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Young couple look lovingly at their newborn

Unsolicited Advice

One of my closest friends had a baby last month, and I was very excited to have him join me on the fatherhood journey. Early one morning a few days after the birth, he sent me a message that he and his wife had been up all night with their newborn. Immediately, I felt compelled to provide him an exhaustive list of suggestions on how to help their child sleep longer. I refrained from sending the whole list to him, but I did let a couple recommendations seep through. After my conversation with him, my wife and I spoke about how easy it is to offer parenthood advice to others, even when they aren’t seeking it.

In the counseling field, despite popular belief, we are discouraged from offering advice to our clients. Our job isn’t to provide a quick fix or tell clients what to do. Our main goal is to help clients process their experiences and guide them to a solution that improves their overall wellness. I try to take this approach with friends and family members as well. I try to remember that when people reach out, they are not always seeking my input. Sometimes, they only want to vent, and as a counselor, I know the power of providing a listening ear.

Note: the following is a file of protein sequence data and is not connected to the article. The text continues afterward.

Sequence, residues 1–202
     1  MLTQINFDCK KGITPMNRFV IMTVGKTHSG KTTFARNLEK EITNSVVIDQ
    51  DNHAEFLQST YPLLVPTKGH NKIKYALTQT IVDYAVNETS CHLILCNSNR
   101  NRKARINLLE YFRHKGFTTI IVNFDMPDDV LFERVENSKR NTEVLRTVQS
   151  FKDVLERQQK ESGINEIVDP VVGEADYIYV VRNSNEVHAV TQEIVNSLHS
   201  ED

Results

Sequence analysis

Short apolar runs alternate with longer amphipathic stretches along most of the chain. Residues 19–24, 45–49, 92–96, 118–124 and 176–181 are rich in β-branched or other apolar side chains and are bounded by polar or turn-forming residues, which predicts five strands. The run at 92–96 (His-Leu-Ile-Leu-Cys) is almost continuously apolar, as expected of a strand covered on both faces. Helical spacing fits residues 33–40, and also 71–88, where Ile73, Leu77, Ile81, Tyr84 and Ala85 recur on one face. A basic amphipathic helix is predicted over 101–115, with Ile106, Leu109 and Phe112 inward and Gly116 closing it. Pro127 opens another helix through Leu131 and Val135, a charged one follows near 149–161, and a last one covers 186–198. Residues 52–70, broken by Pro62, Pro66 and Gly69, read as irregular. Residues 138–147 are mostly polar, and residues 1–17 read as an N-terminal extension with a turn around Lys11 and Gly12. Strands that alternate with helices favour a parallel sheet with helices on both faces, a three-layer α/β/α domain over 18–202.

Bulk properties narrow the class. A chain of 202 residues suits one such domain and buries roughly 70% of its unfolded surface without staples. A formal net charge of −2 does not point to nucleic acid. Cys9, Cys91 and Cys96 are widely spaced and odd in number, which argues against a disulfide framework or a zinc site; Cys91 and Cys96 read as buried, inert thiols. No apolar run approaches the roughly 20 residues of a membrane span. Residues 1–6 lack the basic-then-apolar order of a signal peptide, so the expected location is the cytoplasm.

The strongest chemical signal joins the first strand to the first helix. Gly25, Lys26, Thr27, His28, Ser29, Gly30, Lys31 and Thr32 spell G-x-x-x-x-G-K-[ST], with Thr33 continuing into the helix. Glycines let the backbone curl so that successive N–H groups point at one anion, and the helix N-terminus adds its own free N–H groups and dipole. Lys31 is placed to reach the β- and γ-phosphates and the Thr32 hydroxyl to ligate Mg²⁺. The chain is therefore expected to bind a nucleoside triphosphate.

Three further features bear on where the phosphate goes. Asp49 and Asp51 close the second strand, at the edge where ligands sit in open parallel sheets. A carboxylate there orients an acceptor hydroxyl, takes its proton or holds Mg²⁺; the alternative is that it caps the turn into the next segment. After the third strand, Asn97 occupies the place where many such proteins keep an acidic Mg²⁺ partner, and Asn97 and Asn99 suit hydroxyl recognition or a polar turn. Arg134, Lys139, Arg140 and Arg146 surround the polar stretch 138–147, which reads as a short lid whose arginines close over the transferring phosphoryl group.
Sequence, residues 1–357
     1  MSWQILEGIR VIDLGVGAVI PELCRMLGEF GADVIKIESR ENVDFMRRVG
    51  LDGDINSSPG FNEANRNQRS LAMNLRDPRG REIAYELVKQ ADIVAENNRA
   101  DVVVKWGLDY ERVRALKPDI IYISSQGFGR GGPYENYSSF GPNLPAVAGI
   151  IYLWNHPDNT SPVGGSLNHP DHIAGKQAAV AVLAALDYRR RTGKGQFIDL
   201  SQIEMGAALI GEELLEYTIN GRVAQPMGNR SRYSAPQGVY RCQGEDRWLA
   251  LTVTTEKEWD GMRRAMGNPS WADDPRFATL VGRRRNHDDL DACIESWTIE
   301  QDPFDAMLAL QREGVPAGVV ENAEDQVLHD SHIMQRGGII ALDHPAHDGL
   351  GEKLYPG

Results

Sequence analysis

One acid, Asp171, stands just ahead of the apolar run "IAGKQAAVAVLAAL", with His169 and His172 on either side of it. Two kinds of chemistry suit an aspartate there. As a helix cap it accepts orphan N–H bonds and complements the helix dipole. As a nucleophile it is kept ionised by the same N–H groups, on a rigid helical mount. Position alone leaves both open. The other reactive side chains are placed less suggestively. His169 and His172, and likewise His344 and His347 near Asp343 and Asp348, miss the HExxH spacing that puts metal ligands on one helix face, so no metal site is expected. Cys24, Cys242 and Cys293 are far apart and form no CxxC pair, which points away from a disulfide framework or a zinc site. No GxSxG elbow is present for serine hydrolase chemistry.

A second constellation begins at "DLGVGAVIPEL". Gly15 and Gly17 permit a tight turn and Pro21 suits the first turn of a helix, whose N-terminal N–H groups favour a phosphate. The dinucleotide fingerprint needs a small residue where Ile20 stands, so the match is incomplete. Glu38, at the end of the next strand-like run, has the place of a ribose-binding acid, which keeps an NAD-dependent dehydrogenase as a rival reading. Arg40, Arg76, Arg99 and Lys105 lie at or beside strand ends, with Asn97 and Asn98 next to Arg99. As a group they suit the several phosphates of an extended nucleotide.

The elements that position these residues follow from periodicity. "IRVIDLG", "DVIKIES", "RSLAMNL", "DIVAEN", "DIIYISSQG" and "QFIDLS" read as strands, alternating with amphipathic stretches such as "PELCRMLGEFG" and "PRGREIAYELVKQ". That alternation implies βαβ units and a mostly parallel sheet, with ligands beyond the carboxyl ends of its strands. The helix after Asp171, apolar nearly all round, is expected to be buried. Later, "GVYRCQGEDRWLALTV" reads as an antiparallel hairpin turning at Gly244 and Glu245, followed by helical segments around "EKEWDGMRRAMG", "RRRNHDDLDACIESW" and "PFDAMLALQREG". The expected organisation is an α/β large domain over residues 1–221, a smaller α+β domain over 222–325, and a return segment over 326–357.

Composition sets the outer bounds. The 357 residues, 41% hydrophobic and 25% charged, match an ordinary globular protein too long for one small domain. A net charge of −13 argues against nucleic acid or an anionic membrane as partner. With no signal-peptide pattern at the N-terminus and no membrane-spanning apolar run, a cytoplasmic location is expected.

So, what makes us so quick to offer advice to others? When it comes to giving suggestions to new parents, there is no ill intent. Because we care for that person, we hope to make their challenges easier by volunteering what we’ve learned along the way. We may be trying to shield them from unforeseen struggles, or we may have been through their situation and want to save them from the arduous process of figuring out the solution on their own.

But sometimes, offering unwarranted advice can ruin the experience for others. Along my parenthood journey, I’ve had plenty of surprises – some good and some bad. Trust me, there are a number of things that I wish I’d known beforehand. But there are also many fatherhood lessons that I’m glad I learned on my own without spoilers. Though it may have been challenging at the time, experiencing and conquering them helped make me a better father and husband.

Before giving advice to others, ask yourself, did they ask for advice or are they just venting? We’d all like to help those who are close to us, but simply listening about that person’s journey can be more effective than you think.

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About Z. Andrew Jatau, LPC

About Z. Andrew  Jatau, LPC

Z. Andrew is a Licensed Professional Counselor and the founder of Mylemarks, an online company that develops social-emotional resources to use with kids and teens. Through that company, he creates content such as digital downloads, workbooks, and children’s books. He’s an adjunct professor in the Human Services department at Old Dominion University, and serves as the Fatherhood Consultant for CHKD’s Dads in Action program. When he’s not working, he enjoys spending time with his family, cooking, and listening to music.